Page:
2 May 2017 sees the latest novel from Graeme Simsion to be published by Michael Joseph. The Best of Adam Sharp tells the tale of Adam, who though content with life, can’t help wonder what life would have been like if he hadn’t split from Angelina Brown, a strong-willed actress he knew 20 years ago. Then Angelina gets in touch and Adam may have the chance to find out what could have been.
Also published on 4 May, this time by Picador is Eleanor Oliphant is Completely Fine by Gail Honeyman. Eleanor Oliphant wears the same clothes everyday, eats the same meal for lunch and always has the same two bottles of vodka at the weekend. Nothing is missing from her life, except sometimes everything. She’s never been told that life should be better than just fine. But an act of kindness is going to show her just how much better life can be when things aren’t just fine.
Out in June is You Don’t Know Me by Imran Mahmood, published by Michael Joseph. An unnamed defendant stands trial for murder. Just before closing speeches he sacks his barrister and gives his own defence speech. He reveals he was told to leave some things out. But he thinks that if he is going to prison for life then the truth must be told. He talks through eight pieces of evidence against him. The reader, the member of the jury, must keep an open mind. After his speech is finished only one question needs to be answered. Did he do it?
Calling Major Tom by David M Barnett is published by Trapeze on 29 June. Everyone knows someone like Tom. He’s the cantankerous neighbour who complains about your garden, the one who tuts when you don’t have the correct change. Tom is happy on his own. But underneath that miserly exterior there is a lonely, sad man. And he’s about to meet a family who will change his view of the world.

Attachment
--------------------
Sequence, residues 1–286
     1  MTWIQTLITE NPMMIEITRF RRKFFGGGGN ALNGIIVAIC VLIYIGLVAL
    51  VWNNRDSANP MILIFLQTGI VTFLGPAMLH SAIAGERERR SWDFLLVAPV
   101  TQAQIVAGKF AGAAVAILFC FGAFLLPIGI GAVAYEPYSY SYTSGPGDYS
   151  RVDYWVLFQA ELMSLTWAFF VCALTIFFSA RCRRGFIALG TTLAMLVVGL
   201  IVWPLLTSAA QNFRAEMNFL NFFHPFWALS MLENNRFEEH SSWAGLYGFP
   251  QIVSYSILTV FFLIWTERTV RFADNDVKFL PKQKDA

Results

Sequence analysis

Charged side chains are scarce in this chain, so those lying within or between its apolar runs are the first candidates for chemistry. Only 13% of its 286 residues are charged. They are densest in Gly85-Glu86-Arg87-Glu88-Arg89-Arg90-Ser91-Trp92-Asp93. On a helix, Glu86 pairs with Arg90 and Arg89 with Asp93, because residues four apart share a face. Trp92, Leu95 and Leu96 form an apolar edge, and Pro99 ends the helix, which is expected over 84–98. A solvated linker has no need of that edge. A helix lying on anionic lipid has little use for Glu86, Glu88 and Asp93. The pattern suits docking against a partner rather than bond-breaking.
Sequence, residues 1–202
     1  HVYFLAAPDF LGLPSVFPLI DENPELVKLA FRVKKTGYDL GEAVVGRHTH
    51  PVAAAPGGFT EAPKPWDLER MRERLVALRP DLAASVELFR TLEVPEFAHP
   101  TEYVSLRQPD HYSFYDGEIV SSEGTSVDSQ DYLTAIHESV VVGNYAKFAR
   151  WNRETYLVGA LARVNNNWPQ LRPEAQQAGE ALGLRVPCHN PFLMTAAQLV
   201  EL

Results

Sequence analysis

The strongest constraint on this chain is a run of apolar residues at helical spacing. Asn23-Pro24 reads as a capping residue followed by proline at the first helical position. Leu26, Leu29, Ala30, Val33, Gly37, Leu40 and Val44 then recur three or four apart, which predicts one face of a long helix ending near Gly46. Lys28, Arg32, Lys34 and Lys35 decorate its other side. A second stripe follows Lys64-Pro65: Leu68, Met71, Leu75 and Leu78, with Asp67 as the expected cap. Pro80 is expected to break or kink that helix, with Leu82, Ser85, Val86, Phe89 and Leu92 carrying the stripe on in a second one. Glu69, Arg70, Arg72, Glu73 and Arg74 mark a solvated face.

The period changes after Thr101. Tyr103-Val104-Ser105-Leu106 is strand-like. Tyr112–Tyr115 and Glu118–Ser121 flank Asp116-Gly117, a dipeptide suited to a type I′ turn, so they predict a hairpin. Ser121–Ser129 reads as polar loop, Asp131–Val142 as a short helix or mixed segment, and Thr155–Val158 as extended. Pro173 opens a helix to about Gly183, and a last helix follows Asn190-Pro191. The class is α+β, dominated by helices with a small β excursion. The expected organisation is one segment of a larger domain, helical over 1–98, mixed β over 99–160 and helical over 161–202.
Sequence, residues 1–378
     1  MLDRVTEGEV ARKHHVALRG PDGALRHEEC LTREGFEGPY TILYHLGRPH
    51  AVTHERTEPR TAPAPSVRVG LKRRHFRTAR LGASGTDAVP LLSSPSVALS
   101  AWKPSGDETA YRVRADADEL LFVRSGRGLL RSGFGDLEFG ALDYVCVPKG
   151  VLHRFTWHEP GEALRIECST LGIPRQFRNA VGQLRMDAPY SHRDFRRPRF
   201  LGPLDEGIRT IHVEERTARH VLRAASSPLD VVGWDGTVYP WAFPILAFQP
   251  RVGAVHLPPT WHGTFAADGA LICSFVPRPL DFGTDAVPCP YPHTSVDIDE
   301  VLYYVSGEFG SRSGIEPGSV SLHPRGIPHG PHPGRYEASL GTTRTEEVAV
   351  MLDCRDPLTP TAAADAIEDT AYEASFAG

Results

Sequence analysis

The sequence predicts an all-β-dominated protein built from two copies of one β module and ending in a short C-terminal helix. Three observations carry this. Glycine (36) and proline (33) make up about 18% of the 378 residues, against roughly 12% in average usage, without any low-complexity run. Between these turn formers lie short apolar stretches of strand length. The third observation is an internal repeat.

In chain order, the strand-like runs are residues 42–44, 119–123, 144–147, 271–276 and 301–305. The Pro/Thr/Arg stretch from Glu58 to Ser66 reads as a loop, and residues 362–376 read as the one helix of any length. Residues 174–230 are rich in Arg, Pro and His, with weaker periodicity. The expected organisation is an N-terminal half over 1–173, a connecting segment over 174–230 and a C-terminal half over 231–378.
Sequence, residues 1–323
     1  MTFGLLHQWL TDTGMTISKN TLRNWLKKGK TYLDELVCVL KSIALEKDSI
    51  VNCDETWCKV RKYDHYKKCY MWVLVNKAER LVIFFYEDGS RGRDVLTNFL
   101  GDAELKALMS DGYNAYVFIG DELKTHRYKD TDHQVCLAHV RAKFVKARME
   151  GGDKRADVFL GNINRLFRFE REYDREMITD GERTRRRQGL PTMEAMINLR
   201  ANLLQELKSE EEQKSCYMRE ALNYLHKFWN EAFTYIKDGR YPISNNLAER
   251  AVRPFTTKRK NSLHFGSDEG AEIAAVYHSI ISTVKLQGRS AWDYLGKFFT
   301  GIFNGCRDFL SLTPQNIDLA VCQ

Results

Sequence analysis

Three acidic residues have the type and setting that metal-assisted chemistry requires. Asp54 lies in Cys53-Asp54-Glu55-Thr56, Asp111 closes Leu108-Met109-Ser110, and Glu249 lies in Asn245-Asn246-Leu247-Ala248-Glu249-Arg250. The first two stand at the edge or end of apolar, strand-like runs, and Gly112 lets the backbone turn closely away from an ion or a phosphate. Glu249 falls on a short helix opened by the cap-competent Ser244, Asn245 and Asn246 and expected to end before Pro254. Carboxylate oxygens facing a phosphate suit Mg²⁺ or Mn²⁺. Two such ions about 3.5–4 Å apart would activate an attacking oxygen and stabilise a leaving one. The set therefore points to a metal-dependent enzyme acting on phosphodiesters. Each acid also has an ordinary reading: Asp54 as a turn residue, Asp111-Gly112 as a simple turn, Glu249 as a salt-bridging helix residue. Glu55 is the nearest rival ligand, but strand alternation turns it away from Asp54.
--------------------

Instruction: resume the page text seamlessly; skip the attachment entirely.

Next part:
In July Little Sister by Isabel Ashdown will be published by Trapeze, on 27 July. Sixteen years ago a child goes missing, a sister remembering nothing of what happened. Now they are reunited and Jess moves in with Emily. But then a baby goes missing and Emily’s life begins to fall apart. Was she right to trust Jess?
We’ll have to wait until 16 November for Trapeze to publish The Devil’s Claw by Lara Dearman. Introducing new recurring characters Jennifer Dorey and Michael Gilbert we see journalist Jennifer return to her home in Guernsey to work for the local paper. When she looks into a local drowning she finds a pattern of deaths occurring over the last fifty years. Together with DCI Michael Gilbert their investigation will take them into the island’s Nazi past.
Also out next year will be The Gallows Pool by Ben Myers published by Bluemoose Books. There will also be loads of paperback editions of great 2016 books which will follow in another post.
So are there any books that tempt you? Will your 2017 to read pile spill over. I know I had better get reading to make space for some fantastic sounding titles.